Ask Your Employees – The ‘Reverse-Flow’ Meeting

Ask your employees – The Reverse-Flow meeting.

A few weeks ago I had an interesting conversation with a gentleman at a large (Un-named) University in Toledo.

He said he was really interested in creating “Self Directed Work Teams” in some of the areas with which he worked.

Since, I really wasn’t familiar with the term I told him that I thought there wasn’t a fit with Business Navigators.

I went back to Business Navigators world headquarters and after a day and a half of research I discovered that for the past twenty-three years that is exactly what I have been doing.

It’s called ‘The Reverse-Flow’ meeting and in the next few postings I want to share exactly what that looks like.

First, why do I call the meetings “Reverse-Flow”? I call the meeting by that name because often communication and “other stuff” flow downhill from the “Top”. These meeting reverse that flow back to the top of the organizational pyramid.

Here is what I believe.

You may have already hired to solutions to most of your problems. Your employees can identify key issues, prioritize strategies and implement action plans, which can improve many things including your bottom line.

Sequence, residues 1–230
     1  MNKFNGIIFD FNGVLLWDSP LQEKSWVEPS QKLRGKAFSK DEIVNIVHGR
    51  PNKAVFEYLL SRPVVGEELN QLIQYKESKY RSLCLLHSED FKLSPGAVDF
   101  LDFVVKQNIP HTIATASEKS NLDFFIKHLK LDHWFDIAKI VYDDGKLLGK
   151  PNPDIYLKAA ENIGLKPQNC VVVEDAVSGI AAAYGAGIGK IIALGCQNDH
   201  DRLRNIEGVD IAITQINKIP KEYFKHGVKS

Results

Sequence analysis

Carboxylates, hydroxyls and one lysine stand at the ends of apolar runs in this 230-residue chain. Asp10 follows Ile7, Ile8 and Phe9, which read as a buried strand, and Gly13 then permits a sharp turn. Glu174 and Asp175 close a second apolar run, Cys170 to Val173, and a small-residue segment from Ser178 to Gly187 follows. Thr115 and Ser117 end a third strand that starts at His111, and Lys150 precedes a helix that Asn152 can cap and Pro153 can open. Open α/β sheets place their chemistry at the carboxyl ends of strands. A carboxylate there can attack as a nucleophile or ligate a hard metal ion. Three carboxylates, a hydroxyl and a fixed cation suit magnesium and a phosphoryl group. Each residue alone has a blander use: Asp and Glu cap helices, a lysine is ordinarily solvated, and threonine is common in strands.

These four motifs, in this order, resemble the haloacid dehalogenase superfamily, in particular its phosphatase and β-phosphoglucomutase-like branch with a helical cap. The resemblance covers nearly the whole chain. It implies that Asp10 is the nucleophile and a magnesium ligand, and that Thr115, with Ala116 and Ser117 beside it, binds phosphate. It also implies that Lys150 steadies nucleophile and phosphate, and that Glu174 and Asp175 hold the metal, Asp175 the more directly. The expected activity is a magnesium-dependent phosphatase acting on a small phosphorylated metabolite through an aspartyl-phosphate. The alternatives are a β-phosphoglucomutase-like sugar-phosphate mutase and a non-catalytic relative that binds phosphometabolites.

A few years ago at one of my clients, an HVAC (Heating Ventilating and Air Condition) distributor, I heard these comments during our monthly Reverse-Flow Meeting.

“Customers are waiting on hold far too long; some of them give up and call somebody else.”

“It’s not my fault. I switch them to the counter and let the counter know what line they are on.”

“How can I hear Sue’s page when I’m talking to a customer who’s at the counter.”

“It’s the purpose of this meeting to find out how we can solve this problem. How can we change the way we are doing things to make things better?”

By the end of that meeting a strategy was developed and immediately implemented. At the next meeting the participants agreed that the bad situation had greatly improved.

Was that a meeting of managers?

No, they were front-line employees who identified a barrier which prevented good customer service. They corrected the problem.

Rick Day, president of Heating & Cooling Wholesalers Inc., in Toledo, Ohio, believes just that. “Our business wasn’t moving at fast-forward until we got some of the best professional help in the industry.” Day said. “We tapped into the resources that were already on site – the professional help of our employees and staff. When we stopped looking at our employees as problems and rather as the source for solutions, things have become better.”

People who are best-suited to make things better are those who are involved with the situation.

Next: Six principles for successful Reverse-Flow meetings.

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